Combat is aided by God Eater Resurrection's robust crafting and upgrade system. Weapon damage comes in three flavours (Slash, Crushing, and Piercing) with four possible elements (Blaze, Freeze, Spark, and Divine) on top of that. Different Aragami are weak to different things so it encourages players to maintain a decent armoury of equipment crafted and upgraded from Aragami parts and to adjust their loadout before each mission. This also applies to shields, particularly in the later stages, as having the right shield can spell the difference between a one-hit KO or losing a much smaller chunk of health. Players can further enhance equipment by adding skills onto each of those weapons using abandoned God Arcs found on missions. New for this remake are NPC personal abilities. These help to enhance both in-combat effectiveness and the rewards players can receive after each outing, with points to spend on these abilities given to those whom players take into combat. God Eater Resurrection also features a bullet designer, where players can program their projectiles with a vast array of options, and it's a lot of fun to just spend time seeing what can be created in it.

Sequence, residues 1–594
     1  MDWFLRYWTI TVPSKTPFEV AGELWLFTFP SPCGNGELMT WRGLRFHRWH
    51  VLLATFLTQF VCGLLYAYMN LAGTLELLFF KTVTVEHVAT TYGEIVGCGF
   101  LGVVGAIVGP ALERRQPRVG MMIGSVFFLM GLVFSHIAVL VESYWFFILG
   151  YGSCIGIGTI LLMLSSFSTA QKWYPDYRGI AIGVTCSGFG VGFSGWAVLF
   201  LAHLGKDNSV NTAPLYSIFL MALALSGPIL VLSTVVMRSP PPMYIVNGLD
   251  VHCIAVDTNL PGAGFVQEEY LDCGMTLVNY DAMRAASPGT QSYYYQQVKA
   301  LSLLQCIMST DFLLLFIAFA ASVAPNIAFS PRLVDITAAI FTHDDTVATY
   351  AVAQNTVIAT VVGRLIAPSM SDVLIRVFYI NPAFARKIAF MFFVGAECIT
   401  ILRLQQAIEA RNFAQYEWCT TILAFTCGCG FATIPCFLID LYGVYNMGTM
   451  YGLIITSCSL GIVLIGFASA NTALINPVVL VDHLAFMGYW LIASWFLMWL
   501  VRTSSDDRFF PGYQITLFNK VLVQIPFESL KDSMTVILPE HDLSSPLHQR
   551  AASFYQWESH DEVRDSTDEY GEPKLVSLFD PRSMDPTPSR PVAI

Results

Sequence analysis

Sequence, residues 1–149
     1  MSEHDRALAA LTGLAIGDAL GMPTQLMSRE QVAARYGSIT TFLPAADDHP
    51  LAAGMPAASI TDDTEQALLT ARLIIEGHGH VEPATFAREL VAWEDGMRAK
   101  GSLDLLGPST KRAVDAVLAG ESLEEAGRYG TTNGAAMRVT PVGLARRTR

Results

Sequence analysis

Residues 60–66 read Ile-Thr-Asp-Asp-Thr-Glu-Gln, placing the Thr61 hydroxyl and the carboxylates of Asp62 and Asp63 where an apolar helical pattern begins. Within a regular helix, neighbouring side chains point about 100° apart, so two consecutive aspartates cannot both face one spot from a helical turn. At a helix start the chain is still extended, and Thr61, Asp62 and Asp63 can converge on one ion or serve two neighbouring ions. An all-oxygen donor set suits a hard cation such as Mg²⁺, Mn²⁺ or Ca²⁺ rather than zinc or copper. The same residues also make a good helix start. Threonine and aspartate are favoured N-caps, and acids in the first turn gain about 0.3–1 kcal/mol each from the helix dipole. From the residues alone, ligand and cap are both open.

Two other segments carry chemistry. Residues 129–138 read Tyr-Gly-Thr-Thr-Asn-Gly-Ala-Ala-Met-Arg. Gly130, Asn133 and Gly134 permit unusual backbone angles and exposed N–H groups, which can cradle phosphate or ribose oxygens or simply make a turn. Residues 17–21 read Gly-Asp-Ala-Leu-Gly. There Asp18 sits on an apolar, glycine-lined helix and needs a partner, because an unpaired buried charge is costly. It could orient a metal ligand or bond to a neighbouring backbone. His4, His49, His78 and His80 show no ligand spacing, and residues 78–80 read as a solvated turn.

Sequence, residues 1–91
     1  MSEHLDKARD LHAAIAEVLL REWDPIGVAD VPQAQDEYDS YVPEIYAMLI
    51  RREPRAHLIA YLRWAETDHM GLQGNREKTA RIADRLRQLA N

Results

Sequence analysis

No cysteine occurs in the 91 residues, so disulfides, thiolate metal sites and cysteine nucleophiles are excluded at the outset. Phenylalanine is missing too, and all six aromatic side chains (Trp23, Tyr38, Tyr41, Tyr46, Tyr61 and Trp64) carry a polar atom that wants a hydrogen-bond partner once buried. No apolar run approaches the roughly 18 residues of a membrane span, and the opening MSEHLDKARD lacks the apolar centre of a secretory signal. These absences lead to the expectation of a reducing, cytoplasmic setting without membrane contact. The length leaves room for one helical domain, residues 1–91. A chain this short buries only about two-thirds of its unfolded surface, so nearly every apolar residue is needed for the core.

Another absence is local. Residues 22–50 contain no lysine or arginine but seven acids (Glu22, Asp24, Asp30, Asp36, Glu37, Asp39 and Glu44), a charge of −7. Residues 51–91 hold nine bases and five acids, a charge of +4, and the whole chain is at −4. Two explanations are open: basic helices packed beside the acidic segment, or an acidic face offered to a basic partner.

Some outfit choices seem a little odd for hunting giant beasts. Some outfit choices seem a little odd for hunting giant beasts.

   In addition to the one hundred story missions across the three arcs, there are many more optional ones. A lot of these provide some extra challenge to the required missions of the relevant chapter, usually by throwing more large-sized Aragami into the mix. Players can expect to spend a bit over fifty hours getting through all three arcs, although this time can be ramped up considerably for completionists looking to fulfil all the missions or fully upgrade their weapons. Online multiplayer is available for those who wish to bring friends or others in the fray.